German foreign minister Ursula Von der Leyen also hinted about this possibility in Brussels on the eve of the meeting of NATO defence ministers saying “I will appeal today that we do not organize the withdrawal from Afghanistan according to a rigid timetable but we analyze the situation.
The developments in Kunduz show that we have to walk on the way we have walked together with Afghans”. The NATO meeting, reportedly, has also given a nod for review of the draw-down policy and remaining engaged in Afghanistan beyond 2016.
The Kunduz episode has indeed exposed the vulnerabilities of the Afghan government and the ability of the Afghan security forces to withstand the Taliban onslaught. The recapture of Kunduz could not have been possible without the help of NATO forces and airstrikes by US war planes.
It indicates that the situation on the ground is not conducive to the withdrawal of the US forces, as it might undo the entire effort to bring stability to Afghanistan besides frittering away more than US$ 100 billion in international aid that Afghanistan has received during well over a decade. But the dilemma is that the decision by US to extend the date of drawdown and stay on in Afghanistan might escalate the military confrontation in Afghanistan in view of the avowed position of the Taliban not to enter into negotiations with the Afghan government until the foreign forces left the country.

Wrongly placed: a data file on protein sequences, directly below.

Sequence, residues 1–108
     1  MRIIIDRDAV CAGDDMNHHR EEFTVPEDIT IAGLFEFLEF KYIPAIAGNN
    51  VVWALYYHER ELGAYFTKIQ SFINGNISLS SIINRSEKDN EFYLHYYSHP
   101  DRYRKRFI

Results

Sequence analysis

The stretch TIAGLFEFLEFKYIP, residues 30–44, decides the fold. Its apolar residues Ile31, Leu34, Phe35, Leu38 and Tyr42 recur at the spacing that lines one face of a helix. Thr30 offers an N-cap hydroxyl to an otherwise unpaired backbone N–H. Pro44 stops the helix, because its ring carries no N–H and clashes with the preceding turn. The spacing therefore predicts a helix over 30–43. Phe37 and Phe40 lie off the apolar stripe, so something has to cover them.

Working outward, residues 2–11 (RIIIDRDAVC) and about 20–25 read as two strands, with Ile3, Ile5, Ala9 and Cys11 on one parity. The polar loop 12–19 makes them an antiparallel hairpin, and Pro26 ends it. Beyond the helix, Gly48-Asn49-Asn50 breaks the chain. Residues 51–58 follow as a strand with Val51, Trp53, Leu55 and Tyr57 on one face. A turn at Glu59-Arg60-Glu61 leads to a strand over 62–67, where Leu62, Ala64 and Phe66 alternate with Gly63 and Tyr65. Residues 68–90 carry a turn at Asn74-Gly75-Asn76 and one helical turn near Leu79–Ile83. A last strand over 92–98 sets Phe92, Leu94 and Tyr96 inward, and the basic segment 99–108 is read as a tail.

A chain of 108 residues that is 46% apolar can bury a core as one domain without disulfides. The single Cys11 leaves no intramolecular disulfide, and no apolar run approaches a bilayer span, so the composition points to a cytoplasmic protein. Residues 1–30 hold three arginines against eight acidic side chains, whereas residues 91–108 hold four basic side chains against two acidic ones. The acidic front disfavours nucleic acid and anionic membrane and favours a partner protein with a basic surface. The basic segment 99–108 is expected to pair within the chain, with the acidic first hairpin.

The other option of intra-Afghan dialogue after the departure of foreign troops also seems fraught with dangers. Pulling out of US troops without having resolved the conflict has the potential of pushing Afghanistan into factional fighting of the yester years; a scenario which might not only scuttle chances of peace at a foreseeable future but could also destabilize the entire region. Therefore under the prevailing circumstances there is a need to work on two parallel tracks.
One is to keep the Taliban at bay through presence of US troops in Afghanistan beyond 2016 and bolster the capability of the Afghan forces and the other is to facilitate the engagement of the two sides in a dialogue with the help of Pakistan and the regional powers like China for an Afghan-led and Afghan owned solution to the decades old confrontation in the country. Pakistan’s role admittedly is of pivotal importance in this regard. The negotiated solution with the help of Pakistan and China and also supported by US has the advantage of ensuring durability through the guarantees that they could provide for both sides sticking to the agreements reached between the two sides.
The Afghan rulers need to understand that Pakistan had probably the biggest stake in peace and stability in Afghanistan and would be the last country to even entertain the thought of destabilizing it. Stability and peace in Afghanistan means peace and stability in Pakistan. Both the countries have suffered tremendously at the hands of the terrorists and do have a strong common cause in this regard. The scourge of terrorism and other lurking dangers make it absolutely imperative for the two countries to forge impregnable unity against these threats.
Malik Muhammad Ashraf is a senior journalist, columnist and writes for leading English dailies including The News and The Nation.